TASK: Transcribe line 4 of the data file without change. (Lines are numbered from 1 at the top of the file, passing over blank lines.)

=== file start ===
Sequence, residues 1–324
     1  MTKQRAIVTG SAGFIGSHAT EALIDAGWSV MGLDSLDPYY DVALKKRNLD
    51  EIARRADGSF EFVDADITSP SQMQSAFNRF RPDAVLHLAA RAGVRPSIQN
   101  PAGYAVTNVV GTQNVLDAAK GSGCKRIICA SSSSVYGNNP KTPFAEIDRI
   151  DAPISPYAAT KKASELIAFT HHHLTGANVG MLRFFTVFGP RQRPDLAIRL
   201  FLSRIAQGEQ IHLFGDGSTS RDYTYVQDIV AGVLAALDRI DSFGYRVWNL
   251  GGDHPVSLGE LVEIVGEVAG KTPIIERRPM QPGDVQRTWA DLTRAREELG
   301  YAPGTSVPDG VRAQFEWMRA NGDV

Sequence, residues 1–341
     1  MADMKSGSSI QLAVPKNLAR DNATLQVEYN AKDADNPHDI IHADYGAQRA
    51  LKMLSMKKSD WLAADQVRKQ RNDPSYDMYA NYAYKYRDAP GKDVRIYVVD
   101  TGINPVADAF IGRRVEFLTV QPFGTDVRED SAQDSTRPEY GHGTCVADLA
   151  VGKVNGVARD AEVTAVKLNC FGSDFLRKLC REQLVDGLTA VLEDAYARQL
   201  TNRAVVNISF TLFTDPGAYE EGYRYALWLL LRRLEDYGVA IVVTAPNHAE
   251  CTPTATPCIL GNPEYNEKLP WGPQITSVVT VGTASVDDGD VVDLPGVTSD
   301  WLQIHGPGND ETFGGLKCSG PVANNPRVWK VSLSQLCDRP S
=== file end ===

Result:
   101  PAGYAVTNVV GTQNVLDAAK GSGCKRIICA SSSSVYGNNP KTPFAEIDRI